For every ten (10) customers who come to you to sell their diamonds, what is your closing ratio or successful buying percentage. Most likely 1 - 2 out of 10 or 10% - 20%. Well, what if it were 40% - 60% OR MORE and you paid a fair market cash liquidation price? How good would that be? Big money, big profits!!!!



Which Diamond Grading Certificate is Best? Don’t Buy the Certificate!

February 10th, 2010 by James L. Sweaney, CGA, FGA. GG
We posted this about a year ago–with the tough economy, this insider information is more pertinent than ever, so we’ve tweaked the original blog a bit–here it is again.

      In their quest for the best value, consumers looking to buy a diamond often make the mistake of giving equal weight to diamond grading certificates. Diamond grading certificates/reports are issued by various laboratories for the purpose of identifying, measuring and weighing, and grading a particular diamond. These reports are not appraisals.

      One problem is that even though the various labs all use the diamond grading system/language developed in the 1950′s by the Gemological Institue of America (GIA), each lab has its own internal methods, standards, experience and skill levels.

      Another issue is independence. The GIA decided early on that their lab should be a disinterested third party, independent of the buying and selling of the gems. To this day, GIA is very careful to maintain the “arms length’ rule and does not participate in buying, selling, or appraising diamonds or colored gemstones in any way. However, all labs, including GIA, do charge for their expert grading services–the fees are usually paid by the diamond merchants who own the stones.

      Many of the other labs are profit making and some are closely affiliated with the firms for whom they grade diamonds–and this relationship is not always apparent to the ultimate consumer. The important thing to remember is that even though diamond grading reports/certificates may look very similar, but the quality of the information can vary significantly. Our case history reported below shows just how much this disparity can mean in dollars.


      Consumers tend to shop by comparing prices using the grades stated on grading certificates as their basis of comparison–the internet makes it very easy to do this. The grading reports all look the same and have what appears to be the same information, so this seems like a fool proof way to shop prices.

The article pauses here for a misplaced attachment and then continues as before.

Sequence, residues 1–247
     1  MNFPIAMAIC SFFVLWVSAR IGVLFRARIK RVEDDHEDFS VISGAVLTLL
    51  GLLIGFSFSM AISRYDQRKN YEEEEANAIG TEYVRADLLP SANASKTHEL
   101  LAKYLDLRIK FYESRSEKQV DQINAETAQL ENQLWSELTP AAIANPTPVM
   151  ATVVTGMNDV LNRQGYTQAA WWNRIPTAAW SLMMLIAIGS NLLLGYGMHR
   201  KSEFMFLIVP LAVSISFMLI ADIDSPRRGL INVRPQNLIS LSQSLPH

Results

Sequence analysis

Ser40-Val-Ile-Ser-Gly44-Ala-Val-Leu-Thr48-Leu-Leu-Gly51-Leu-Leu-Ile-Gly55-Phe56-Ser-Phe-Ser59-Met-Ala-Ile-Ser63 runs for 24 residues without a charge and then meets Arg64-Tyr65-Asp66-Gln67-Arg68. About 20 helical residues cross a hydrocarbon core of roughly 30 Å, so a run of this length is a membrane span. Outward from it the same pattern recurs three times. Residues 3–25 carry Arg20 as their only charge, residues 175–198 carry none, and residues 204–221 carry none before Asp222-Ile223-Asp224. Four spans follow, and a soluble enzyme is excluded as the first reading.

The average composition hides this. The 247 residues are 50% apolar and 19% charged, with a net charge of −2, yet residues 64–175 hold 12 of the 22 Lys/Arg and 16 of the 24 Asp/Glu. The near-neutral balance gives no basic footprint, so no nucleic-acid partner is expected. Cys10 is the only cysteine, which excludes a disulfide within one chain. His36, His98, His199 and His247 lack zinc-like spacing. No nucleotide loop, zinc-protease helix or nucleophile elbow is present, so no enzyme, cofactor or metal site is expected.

A stone graded SI1 F by one grading laboratory sells for 30% less than a stone of similar weight graded SI1 F by another grading laboratory, so you buy the less expensive stone. You’d be stupid to spend more than you have to, right? The grading paper says it’s the same as these other stones, must be true, lots of dollars, good deal, right?

Wrong! We call this “Buying the Certificate.” The case history of an insurance appraisal we did of a 3-carat round diamond and ring shows just how much a diamond grading certificate can affect the price of a diamond.

During the take-in procedure and before looking at the grading report, I gave this particular stone a preliminary grade of SI2 clarity, H or possibly I color. The stone was nicely cut, but the inclusions within were positioned so that they reflected throughout the stone, much like a kaleidoscope. In diamond grading, we call this a “reflector” and usually deduct 1/2 to 1 clarity grade depending on the impact of the reflections. And the stone had a somewhat darkish look overall.

So I was really surprised when the client disclosed that he had purchased the stone as “colorless” (the range of D-F) and that it had a grading certificate from EGL showing the clarity as SI1 and the color as F. Turns out he had purchased the stone from a dealer in downtown LA who assured him that it was a really super deal at $35,000 for the ring and who gave him a “feel good” appraisal for $72,000.

My research of comparable items actively being marketed showed the current wholesale prices for well cut 3 ct. round SI1 F diamonds graded by EGL labs ranged from $7,950 to $10,100 per carat and averaged about $9100 per carat. Multiply 3 cts x $9100, add 26% markup on the diamond, about $2000 for the 18K ring and voila! —My appraisal was for $36,500, within 4% of what he said he paid

A survey of well cut 3 ct round diamonds graded SI1 F by GIA averaged about $13,600 per carat—almost 50% more. I also checked prices for well-cut 3 ct rounds graded by GIA as SI2 H color (my original grading). What do you know – the price range of the 39 SI2 H stones I checked was $7,350 to $10,080 per carat! Virtually the same price range as the stones graded SI1 F by EGL.

The lesson is that the market knows the reality–diamonds are what they are, regardless of what a piece of paper says. My years as a professional diamond grader and diamond-grading supervisor at the Gemological Institute of America (GIA) told me that this stone should not be graded SI1 F. The marketplace confirmed what I knew to be true.

As sellers of diamonds, we at Mardon always recommend diamonds graded by GIA or AGS because we know the quality of their work. Their grading is the most consistent and the most conservative. These are the two labs most respected in the marketplace, period.

Moral of the story–When you buy a diamond, don’t make the mistake of buying the certificate. Don’t just look for the lowest price. Look at the stone, and if you can, compare it with a similar stone side by side. Most importantly, work with a diamond professional, preferably an experienced gemologist who can help you play the grading certificate game and win!







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The Buy Report - Industry Diamond Prices and Values
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PRICES UPDATED MONTHLY. Leading Industry Resource



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The Buy Report - Industry Diamond Prices and Values
Cash Liquidation Buy/Sell, Wholesale, Private Party Sales, Retail,
PRICES UPDATED MONTHLY. Leading Industry Resource